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taskYIELD from highest priority task.

Posted by Nobody/Anonymous on February 1, 2007
In my highest priority task I wait for an interrupt to occur in the following way:

static uint8_t volatile timerOVF;

//a lot of other code here

void WaitForSecond()
{
//Service the watchdog before and after the loop
asm("WDR");

while( timerOVF == 0 )
vTaskDelay(1);

asm("WDR");

//Reset flag
timerOVF = 0;
}

__interrupt void Timer0_Overflow( void )
{
timerOVF = 1;
}


As can been seen I use vTaskDelay(1) to force a context switch. For some strange reason calling taskYIELD() does not change the context (actually it does, but the new context is the same as the current context). As a result all other tasks are starved from processing time.
The task calling WaitForSecond() has the highest priority, so I can understand why the yield might pick it as the next task (this might be considered a bug). What I do not understand is why vTaskDelay is able to create an actual context switch.

Can anyone help me out on this one?

Regards,

Sytse.

RE: taskYIELD from highest priority task.

Posted by Nobody/Anonymous on February 1, 2007
This is exactly the expected behavior. taskYIELD() will cause the scheduler to select the highest priority task that is in the Ready state to run. Calling taskYIELD() places the calling task in the ready state, if it is the highest priority task in the ready state it will immediately get selected as the task to run again and lower priority tasks will never run.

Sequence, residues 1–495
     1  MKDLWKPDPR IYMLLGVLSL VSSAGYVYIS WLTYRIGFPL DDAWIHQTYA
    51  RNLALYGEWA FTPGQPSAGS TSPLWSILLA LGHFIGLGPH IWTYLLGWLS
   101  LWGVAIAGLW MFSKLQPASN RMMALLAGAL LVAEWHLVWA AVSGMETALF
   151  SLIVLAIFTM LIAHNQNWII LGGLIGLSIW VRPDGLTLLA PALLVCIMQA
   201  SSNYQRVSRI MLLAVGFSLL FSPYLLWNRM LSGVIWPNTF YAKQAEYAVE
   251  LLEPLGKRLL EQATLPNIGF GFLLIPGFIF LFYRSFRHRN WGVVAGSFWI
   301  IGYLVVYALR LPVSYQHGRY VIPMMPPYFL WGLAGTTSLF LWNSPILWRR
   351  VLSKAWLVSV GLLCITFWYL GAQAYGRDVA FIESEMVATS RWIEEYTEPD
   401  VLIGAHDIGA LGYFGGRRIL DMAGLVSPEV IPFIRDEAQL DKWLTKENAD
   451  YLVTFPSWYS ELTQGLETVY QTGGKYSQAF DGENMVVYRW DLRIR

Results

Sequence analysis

Calling vTaskDelay(1) places the calling task in the Blocked state for 1 tick. The scheduler cannot therefore select the calling task again until 1 tick later, allowing lower priority tasks to run.

However this is very inefficient code, and there is probably a much better way of achieving what you want to do. What exactly does the code do? It looks like you reset the watchdog simply because a timer overflows, is this all it does?

Dave.

RE: taskYIELD from highest priority task.

Posted by Nobody/Anonymous on February 1, 2007
The task containing this code is my scheduling routine for various computations/outputs. Every second the timer overflows thereby exiting the while loop. I opted for this implementation instead of a binary semaphore because of the memory overhead of the semaphore. The watchdog OVF is set to about 1.9 secs. So I need to service it at least once in this routine.

The behavior of taskYIELD is explainable, but a task telling it wants to yield should be yielded, not reloaded. I think I'll make an extra yield routine, forcing a context switch to the next TCB.

Regards,

Sytse.

RE: taskYIELD from highest priority task.

Posted by Nobody/Anonymous on February 1, 2007
> The task containing this code is my scheduling routine for various
> computations/outputs. Every second the timer overflows thereby exiting the while
> loop. I opted for this implementation instead of a binary semaphore because
> of the memory overhead of the semaphore. The watchdog OVF is set to about 1.9